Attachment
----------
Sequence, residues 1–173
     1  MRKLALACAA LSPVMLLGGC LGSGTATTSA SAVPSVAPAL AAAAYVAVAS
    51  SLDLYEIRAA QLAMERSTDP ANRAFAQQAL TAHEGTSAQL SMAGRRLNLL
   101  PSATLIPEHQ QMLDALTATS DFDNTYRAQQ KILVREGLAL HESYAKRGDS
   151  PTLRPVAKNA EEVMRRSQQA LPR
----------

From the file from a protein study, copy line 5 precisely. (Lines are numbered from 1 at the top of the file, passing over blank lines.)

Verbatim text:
   151  PTLRPVAKNA EEVMRRSQQA LPR